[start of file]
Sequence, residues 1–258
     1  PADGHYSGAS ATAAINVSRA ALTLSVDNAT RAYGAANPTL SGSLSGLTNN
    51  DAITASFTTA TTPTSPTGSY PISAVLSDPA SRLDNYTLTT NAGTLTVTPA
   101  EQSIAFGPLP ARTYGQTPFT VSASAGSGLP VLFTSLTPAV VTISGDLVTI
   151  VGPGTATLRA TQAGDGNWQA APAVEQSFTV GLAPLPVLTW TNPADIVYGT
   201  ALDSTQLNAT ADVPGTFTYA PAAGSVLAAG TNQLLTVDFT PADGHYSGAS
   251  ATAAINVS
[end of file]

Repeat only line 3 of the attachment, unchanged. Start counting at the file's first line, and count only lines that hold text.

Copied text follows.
    51  DAITASFTTA TTPTSPTGSY PISAVLSDPA SRLDNYTLTT NAGTLTVTPA